Enterprise Mobility: 10 Products That Shouldn't Have Been Released in 2010
10 Products That Shouldnt Have Been Released In 2010
by Don Reisinger
Google Nexus One
Google's Nexus One was a mistake from the day it launched. Although some wondered if the device would be the smartphone to beat Apple's iPhone, it never turned out that way. Google's smartphone is failing because the company attempted to force consumers to buy the device online. And since it didn't have the same PR clout as the iPhone, consumers didn't go to the Nexus One page nearly as much as Google would have liked. It was a mistake. And its relative failure in today's marketplace make it a head-scratcher.
Archos 7 Home Tablet
The Archos 7 Home Tablet seemed doomed from the time it was released. The Android-based tablet runs Google's Android OS, but it doesn't provide access to the Android Market. Worst of all, the device is designed to compete with Apple's iPad, which by all accounts, is a much better device. Perhaps Archos would have been better off going back to the drawing board.
The JooJoo Tablet caught some headlines this year not for what it offered, but for the circumstances surrounding its release. The device was embroiled in a public legal debate with TechCrunch founder Michael Arrington who had a falling out with the JooJoo's maker. The device was eventually released to little fanfare and is rightfully called a failure. But based on the events that occurred prior to its release, it might have been better for everyone if it just never came out.
Sony's PlayStation Move might not be released yet, but already it seems like an odd choice for the video game company to hitch its future to. The PlayStation Move is Sony's answer to the Nintendo Wii. Users will need to hold the Move controller in order to control the action on screen. As their arms move, the action will be replicated in the game. Sony plans to discuss the details on Move at E3, but it seems like the device would have been better-suited for a release a few years ago. At this point, as motion gaming continues its decline, it might be too little, too late for Sony when the Move launches later this year.
HTC Evo 4G
There's no debating that the HTC Evo 4G is a fine device that, some believe, will usher in a new generation of wireless connectivity in the mobile market. But further inspection reveals that the device is simply ahead of its time. Around the United States, 4G networking is practically non-existent. So, while the Evo 4G might be the phone that gets carriers thinking about delivering 4G, the chances of it actually selling well are awfully slim. Aside from 4G, it does little to trump the iPhone. If the Evo 4G was released a few years from now, maybe its chances of selling well would be different.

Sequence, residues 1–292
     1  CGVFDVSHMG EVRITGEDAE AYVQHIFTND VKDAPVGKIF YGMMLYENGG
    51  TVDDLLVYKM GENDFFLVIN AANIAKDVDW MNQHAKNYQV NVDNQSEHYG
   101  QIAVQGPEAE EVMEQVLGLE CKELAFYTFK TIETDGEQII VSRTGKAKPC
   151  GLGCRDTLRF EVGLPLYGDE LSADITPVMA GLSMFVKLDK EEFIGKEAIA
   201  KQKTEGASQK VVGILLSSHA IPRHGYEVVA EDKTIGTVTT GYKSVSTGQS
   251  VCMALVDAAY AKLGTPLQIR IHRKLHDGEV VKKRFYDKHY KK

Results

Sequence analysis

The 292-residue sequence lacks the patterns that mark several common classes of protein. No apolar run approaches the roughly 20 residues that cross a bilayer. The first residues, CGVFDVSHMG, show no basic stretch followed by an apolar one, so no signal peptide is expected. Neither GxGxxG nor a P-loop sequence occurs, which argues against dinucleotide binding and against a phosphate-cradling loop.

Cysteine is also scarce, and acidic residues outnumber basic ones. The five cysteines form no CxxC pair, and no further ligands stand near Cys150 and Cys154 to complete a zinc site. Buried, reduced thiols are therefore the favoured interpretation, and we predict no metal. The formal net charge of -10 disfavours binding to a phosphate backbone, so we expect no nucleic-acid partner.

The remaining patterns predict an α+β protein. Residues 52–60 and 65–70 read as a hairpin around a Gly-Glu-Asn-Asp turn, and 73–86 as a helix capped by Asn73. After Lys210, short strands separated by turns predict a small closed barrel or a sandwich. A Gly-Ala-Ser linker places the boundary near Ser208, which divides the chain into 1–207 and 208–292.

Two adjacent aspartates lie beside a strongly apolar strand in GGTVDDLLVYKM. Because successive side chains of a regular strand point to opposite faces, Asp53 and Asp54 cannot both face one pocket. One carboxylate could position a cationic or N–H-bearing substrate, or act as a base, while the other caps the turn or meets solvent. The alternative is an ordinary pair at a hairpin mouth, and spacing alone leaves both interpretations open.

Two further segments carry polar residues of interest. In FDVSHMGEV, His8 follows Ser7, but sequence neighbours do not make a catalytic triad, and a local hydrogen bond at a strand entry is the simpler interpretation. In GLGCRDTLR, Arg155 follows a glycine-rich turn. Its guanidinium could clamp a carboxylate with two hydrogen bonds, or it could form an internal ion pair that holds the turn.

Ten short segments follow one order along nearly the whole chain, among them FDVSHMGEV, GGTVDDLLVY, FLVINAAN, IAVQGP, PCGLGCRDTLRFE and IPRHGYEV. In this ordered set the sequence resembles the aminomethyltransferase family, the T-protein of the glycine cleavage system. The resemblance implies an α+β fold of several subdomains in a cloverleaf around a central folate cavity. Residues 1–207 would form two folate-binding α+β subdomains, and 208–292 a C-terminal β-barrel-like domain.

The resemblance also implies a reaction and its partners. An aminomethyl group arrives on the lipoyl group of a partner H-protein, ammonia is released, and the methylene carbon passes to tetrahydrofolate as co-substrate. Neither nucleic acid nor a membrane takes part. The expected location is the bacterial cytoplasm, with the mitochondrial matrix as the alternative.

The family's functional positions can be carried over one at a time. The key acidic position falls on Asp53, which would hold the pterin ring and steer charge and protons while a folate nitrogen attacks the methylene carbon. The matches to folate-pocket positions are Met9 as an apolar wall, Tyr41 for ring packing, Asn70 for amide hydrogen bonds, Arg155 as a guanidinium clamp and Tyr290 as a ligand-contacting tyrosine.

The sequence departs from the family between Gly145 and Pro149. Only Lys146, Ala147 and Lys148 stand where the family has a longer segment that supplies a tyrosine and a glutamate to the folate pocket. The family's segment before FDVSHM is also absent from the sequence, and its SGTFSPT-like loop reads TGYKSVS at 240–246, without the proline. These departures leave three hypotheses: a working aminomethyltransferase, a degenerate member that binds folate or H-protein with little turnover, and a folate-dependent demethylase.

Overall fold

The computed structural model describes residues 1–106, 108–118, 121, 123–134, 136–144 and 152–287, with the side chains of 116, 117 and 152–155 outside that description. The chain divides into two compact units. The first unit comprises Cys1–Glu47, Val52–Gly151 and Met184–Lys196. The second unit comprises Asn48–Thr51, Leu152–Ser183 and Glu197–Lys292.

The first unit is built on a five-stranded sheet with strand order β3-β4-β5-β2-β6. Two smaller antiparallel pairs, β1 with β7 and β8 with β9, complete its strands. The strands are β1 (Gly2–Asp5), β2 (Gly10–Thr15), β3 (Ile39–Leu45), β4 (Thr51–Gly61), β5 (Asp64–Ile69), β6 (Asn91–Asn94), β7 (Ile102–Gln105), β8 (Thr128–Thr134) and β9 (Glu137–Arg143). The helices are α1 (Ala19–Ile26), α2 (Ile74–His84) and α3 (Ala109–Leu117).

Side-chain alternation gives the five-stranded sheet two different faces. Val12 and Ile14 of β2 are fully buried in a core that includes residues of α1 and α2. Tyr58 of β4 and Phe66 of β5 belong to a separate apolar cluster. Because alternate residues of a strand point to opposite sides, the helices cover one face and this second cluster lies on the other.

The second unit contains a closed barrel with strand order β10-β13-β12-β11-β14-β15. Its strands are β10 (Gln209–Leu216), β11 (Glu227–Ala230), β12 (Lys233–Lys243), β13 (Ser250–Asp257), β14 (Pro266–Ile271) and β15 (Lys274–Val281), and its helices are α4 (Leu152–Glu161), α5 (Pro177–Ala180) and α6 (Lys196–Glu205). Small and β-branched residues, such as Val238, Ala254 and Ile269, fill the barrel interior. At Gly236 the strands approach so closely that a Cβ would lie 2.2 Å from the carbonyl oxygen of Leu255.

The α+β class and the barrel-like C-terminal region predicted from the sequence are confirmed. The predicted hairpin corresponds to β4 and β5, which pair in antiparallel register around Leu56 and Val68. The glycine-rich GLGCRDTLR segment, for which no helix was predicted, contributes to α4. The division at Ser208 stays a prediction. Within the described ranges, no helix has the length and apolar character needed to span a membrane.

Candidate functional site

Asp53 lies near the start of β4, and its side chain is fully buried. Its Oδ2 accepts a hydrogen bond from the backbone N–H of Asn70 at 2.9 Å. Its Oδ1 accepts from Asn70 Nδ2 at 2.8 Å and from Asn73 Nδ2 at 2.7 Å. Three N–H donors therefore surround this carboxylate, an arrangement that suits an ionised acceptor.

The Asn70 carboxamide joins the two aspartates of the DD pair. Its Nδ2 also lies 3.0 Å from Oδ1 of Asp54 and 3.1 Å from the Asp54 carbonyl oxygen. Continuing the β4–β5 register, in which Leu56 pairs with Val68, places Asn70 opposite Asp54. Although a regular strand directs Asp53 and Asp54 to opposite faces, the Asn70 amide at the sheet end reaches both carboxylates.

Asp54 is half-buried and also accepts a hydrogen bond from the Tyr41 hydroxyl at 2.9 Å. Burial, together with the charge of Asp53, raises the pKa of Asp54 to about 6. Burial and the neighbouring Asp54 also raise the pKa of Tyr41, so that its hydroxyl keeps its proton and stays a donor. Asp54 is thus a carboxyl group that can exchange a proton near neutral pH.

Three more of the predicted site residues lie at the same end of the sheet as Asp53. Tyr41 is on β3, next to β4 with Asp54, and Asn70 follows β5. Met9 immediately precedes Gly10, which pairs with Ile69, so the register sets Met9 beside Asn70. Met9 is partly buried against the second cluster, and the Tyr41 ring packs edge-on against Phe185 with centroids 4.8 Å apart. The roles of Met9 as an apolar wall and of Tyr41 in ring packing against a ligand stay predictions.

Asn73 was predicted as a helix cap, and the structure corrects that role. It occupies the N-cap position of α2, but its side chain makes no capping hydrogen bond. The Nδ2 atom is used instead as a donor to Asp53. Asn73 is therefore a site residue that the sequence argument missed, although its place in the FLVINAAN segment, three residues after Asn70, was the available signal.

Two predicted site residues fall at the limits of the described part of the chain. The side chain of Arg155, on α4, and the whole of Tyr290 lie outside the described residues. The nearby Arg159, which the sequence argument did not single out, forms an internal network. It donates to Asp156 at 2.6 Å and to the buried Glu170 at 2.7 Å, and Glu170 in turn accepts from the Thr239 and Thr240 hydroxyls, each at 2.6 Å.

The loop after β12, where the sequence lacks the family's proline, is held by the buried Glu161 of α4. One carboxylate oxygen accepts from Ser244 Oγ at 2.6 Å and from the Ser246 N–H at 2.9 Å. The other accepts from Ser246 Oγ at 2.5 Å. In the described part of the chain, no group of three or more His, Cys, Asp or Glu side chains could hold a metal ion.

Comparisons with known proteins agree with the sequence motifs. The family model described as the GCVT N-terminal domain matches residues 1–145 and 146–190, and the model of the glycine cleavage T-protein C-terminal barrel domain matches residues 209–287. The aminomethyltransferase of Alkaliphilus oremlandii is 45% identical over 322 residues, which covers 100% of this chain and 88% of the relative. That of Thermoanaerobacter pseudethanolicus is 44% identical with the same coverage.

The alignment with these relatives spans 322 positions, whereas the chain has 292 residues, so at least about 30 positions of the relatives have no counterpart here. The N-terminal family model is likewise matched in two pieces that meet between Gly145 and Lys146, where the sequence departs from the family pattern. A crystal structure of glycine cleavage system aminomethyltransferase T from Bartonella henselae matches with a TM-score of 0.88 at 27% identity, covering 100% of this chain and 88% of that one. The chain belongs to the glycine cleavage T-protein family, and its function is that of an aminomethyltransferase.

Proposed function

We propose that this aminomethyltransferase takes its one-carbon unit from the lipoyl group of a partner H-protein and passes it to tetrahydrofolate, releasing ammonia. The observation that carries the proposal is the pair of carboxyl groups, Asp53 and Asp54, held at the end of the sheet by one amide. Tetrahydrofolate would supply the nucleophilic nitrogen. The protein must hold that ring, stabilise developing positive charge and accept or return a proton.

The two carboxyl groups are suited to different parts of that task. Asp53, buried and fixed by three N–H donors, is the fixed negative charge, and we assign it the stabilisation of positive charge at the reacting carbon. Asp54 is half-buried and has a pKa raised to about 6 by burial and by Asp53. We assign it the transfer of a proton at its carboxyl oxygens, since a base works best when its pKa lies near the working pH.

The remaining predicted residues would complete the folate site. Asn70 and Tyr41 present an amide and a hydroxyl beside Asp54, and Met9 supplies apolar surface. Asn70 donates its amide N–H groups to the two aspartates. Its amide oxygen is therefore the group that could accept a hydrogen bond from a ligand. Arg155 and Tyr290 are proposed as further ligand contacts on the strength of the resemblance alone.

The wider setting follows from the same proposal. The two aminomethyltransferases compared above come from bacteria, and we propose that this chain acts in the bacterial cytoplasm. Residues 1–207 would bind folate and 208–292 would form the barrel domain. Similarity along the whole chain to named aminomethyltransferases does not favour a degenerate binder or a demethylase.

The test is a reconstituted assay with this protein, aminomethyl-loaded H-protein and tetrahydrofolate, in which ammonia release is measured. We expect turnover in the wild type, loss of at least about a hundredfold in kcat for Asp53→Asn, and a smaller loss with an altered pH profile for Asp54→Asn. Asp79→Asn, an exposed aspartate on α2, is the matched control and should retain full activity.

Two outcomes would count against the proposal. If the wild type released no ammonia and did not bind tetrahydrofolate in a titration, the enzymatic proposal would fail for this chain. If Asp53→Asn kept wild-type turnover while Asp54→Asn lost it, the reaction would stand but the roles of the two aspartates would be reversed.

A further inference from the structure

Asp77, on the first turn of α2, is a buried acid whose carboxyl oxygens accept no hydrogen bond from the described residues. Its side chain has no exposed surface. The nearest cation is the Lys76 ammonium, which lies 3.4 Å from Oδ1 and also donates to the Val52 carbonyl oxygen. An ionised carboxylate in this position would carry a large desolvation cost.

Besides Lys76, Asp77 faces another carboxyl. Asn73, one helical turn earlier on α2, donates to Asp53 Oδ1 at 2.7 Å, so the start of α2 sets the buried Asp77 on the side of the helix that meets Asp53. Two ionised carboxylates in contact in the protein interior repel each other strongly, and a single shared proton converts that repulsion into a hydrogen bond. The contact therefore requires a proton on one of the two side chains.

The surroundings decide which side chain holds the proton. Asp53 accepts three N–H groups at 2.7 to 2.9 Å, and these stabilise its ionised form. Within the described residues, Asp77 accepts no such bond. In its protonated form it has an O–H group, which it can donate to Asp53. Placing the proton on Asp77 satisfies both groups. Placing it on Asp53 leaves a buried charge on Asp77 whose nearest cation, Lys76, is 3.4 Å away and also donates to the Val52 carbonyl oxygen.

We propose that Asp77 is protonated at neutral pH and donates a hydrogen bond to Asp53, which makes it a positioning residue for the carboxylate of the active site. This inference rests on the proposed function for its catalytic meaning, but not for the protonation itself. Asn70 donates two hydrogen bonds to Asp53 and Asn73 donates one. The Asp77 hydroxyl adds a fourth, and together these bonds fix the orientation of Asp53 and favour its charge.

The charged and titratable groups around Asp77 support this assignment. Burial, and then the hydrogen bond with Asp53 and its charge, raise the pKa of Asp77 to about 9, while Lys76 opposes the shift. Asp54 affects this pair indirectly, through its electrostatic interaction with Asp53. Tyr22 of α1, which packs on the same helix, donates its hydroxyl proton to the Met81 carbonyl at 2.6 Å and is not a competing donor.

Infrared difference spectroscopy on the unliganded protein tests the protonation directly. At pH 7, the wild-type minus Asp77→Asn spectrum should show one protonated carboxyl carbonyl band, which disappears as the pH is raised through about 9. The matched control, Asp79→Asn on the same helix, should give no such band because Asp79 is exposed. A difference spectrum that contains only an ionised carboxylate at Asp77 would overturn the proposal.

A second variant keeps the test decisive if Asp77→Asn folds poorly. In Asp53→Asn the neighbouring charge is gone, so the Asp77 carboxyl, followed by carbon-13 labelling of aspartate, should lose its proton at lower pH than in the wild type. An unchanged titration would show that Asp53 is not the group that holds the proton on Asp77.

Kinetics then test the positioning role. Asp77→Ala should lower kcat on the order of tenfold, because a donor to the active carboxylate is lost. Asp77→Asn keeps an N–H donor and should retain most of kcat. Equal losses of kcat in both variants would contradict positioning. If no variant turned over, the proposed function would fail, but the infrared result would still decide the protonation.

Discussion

AT&Ts iPad Data Caps
AT&T's decision to cap the amount of data customers can use on the iPad could turn out to be one of the company's biggest blunders of the year. When Steve Jobs first announced the iPad 3G, he said that the device would come with unlimited data, so its users could do what they want, when they want with the device. It was a welcome feature. But when AT&T announced recently that it would cap iPad data usage at 2GB or 200MB, depending on the plan, all that changed. It was a mistake. And it could cause AT&T some serious trouble in the coming months.
Competing in the social-networking market isn't necessarily a bad idea for Google. But the way the company has been doing it in 2010 makes little sense. When Google Buzz launched earlier this year, it was rife with flaws and some privacy concerns. Google eventually addressed those issues, but the damage was done. Google Buzz just doesn't have what it takes to beat Facebook or compete with Twitter. It's another extraneous social network that most folks won't ever use. Google would have been wise to spend the money elsewhere.
White Apple MacBook
Apple quietly launched an update to its white MacBook. The device now features slightly improved specs, but the same old design. Worst of all, it costs $999. When will Apple finally realize that it's time to ditch the MacBook or, at the very least, improve it beyond simple upgrades? At $999, the white MacBook is now caught between the iPad and the MacBook Pro. And all the while, consumers are left wondering why they should opt for the old-style Mac when it offers no discernible benefit over the other products Apple sells. Sorry, but the new and improved white MacBook should have never launched this year.
Microsoft Kin Smartphones
Microsoft has been having some serious trouble in the smartphone market. After trying desperately to catch up to Apple and Google in the space, the company has released Kin smartphones, which are aimed at those that want to be able to be more social while on-the-go. Microsoft's justification for the devices seems sound, since more and more people are joining social networks. But the implementation is all wrong. As the iPhone has shown, a simple Facebook app on a device that can do more than the Kin is what consumers really want.
Any Windows Mobile 6.5 Phone
Any device that was released this year featuring Microsoft's obsolete Windows Mobile 6.5, such as the HTC HD2, shouldn't have hit store shelves this year. Try as they might, smartphone makers just can't get Windows Mobile 6.5 off the ground. The software doesn't appeal to consumers, and it looks like the aged veteran sitting next to an iOS-equipped device. Practically every Windows Mobile 6.5 product performed poorly in stores in 2010. And that won't change anytime soon.